Colonial South Carolina–Anthology Project

While this course has been, in part, about various literatures of what we have been calling “Pre-America”–American Indian myths and legends along with narratives of exploration, contact, and settlement–it has also been about how scholars make anthologies, and how anthologies, in turn, make arguments about the materials they assimilate and collect. American Indian Myths and Legends, while it explored a remarkable diversity of material, seemed less intent on helping the reader situate those materials within their distinct tribal cultures, focusing instead on thematic collections on “creation” stories or “trickster” tales. The historian Donald Hall who put together The Puritans seemed to focus more intently on theology, using that framework as a reference point for addressing issues of contact and settlement. In separate assignment, we experimented with strategies for contextualizing documents (via the early narratives of colonial South Carolina) and selecting them (via our excerpts from Cabeza de Vaca’s exploration narrative).

In the second half of the course, even as we continue to think about literatures of exploration, contact, and settlement, we are going to do so not by passively reading and discussing such documents, but by creating our own class anthology of Colonial South Carolina documents.

While the shape and scope of the anthology remains somewhat flexible, the project will require you to do the following:

  • Select two texts–either two from the SCHC or one from SCHS and one from an online archive or resource–dealing with Colonial SC (prior to the Revolution)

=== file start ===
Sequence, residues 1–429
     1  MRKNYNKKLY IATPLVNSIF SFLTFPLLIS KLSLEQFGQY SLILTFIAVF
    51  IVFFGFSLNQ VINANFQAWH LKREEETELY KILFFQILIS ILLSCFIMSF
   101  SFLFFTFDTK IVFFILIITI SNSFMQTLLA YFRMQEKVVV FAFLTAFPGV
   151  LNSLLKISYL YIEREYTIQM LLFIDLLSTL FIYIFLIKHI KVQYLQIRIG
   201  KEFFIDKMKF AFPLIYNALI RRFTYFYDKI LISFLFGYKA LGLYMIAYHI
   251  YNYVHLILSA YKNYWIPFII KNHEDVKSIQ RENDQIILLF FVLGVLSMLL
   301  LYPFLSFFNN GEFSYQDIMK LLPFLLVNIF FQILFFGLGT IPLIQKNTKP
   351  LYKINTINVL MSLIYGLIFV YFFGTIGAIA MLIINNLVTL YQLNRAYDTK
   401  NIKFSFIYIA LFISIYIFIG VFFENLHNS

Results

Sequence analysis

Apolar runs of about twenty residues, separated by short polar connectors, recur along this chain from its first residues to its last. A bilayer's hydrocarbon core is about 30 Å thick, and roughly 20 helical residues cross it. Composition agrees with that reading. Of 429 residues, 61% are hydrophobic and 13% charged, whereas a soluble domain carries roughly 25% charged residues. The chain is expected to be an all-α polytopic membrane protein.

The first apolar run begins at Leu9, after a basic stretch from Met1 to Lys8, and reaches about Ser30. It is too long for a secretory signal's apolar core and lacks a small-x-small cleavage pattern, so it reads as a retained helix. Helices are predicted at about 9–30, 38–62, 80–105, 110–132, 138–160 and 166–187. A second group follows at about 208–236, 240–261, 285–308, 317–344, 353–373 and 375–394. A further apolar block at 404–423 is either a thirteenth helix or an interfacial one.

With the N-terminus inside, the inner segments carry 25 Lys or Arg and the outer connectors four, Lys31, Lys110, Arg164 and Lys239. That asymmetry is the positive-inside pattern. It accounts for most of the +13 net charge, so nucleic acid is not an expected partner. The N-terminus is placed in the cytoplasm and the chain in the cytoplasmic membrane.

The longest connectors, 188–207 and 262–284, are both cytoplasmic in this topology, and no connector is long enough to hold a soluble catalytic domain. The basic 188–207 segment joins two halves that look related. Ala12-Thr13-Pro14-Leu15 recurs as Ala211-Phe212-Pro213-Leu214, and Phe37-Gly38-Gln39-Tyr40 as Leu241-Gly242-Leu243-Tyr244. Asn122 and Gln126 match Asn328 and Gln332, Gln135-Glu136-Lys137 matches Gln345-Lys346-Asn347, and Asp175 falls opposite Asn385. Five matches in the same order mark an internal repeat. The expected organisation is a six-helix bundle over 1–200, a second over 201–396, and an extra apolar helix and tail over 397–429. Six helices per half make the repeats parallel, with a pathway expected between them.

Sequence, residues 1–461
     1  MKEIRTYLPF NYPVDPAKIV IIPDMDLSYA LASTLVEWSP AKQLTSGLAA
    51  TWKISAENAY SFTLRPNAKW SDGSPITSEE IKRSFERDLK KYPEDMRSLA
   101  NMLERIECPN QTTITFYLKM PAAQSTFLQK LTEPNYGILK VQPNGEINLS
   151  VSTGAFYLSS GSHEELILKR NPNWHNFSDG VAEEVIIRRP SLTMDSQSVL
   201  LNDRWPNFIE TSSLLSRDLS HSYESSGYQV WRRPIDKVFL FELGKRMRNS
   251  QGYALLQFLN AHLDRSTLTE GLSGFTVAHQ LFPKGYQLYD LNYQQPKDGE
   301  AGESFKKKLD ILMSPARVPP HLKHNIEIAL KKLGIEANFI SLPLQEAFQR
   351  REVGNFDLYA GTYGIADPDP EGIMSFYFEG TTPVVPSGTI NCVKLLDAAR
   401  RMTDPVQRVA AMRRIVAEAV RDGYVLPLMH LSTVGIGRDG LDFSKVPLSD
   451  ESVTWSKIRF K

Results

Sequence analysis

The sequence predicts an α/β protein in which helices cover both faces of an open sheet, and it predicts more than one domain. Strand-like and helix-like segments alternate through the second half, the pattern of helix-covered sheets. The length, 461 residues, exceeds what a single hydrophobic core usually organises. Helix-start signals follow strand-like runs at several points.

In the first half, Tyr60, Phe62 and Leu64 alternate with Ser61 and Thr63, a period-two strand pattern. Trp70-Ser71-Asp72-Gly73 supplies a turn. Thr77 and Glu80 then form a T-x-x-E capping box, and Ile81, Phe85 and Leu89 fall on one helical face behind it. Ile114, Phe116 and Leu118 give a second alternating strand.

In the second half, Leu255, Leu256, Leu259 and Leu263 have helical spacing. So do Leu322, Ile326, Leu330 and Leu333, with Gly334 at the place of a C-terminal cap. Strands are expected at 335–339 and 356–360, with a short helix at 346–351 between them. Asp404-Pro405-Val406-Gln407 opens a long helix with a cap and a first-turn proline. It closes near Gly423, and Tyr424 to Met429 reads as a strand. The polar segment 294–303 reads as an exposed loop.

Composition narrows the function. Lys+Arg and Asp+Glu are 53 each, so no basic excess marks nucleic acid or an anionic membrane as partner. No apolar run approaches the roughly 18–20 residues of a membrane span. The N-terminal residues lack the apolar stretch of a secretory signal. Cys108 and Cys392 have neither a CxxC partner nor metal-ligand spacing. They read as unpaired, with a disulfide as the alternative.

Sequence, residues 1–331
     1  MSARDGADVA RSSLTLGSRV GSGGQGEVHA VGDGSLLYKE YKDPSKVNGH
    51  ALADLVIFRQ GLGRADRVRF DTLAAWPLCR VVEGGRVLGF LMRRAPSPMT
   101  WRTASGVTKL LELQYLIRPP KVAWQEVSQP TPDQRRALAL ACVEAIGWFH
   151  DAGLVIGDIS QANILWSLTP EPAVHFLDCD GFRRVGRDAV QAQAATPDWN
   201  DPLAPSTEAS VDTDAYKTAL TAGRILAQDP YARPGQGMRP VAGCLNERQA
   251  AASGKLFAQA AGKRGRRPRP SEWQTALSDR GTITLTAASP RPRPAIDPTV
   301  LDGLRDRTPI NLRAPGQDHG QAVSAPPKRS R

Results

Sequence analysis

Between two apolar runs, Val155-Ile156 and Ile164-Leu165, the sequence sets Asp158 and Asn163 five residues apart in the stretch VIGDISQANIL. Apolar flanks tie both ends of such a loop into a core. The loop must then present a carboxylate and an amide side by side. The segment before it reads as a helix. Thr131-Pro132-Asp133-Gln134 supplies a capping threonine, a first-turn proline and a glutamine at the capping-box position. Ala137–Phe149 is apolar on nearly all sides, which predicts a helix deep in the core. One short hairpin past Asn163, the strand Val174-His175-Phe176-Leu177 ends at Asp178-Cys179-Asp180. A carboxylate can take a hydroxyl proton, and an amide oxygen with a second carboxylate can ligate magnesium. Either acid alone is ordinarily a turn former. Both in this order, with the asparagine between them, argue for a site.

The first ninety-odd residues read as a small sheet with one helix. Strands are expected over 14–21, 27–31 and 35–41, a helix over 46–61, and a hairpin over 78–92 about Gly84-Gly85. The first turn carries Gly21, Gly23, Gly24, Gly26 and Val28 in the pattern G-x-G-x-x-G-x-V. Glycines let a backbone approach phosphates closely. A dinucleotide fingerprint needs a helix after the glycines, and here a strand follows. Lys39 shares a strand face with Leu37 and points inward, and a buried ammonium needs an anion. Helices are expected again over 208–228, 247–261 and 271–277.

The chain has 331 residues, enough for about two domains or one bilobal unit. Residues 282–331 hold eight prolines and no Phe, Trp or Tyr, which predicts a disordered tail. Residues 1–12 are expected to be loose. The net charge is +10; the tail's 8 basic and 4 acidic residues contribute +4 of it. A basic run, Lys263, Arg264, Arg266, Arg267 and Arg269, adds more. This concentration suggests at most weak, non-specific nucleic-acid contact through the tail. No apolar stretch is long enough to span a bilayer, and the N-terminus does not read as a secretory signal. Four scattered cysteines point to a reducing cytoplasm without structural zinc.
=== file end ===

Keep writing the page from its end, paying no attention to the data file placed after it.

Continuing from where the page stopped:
• Compose a 3-4 page double-spaced headnote for each selection in which you contextualize your chosen texts using at least four sources to situate each selection (Wier and Wood can be used in your bibliography for both) within its distinct historical backdrop. In addition to the sources you use to compose your headnote, please also direct the reader to additional sources for research and compose any clarifying notes on the text as necessary for any unfamiliar names or terms. Here’s a rough guide to writing the headnote–everyone’s topics will call for slightly different treatment, but this is the broader scheme we came up with in class on Thursday:
    • Broad introduction to your thematic cluster: most of your contributions gather a few documents that are related to a broader concern (Jewish identity, for example, or music, or medicine). The first paragraph should introduce us to this thematic cluster you have chosen.
    • The thematic introduction paragraph should flow directly into the first headnote and source. Each source will have a separate headnote.
    • At the beginning of the headnote itself, you should provide what we called an “essential orientation”–the who, what, why, and when of the document and the author.
    • After providing the essential orientation, you should offer a more specific justification for the relevance of the specific document. Ask yourself: why should the reader care? While the broader thematic introduction to your cluster made a case for the a broader sense of relevance, this portion makes the case for each specific document’s relevance / importance / interest.
    • Once you have established the above, you should summarize the document itself: what is the document, what is its argument or goal, what are the salient features of the text (that is, what should the reader focus on)
    • Next you will contextualize the document using relevant critical sources. You can offer biographical context, generic context (in terms of genre), and / or cultural context.  This part should be sensitive to how the text fits into its own historical moment, and how it relates to our own contemporary concerns.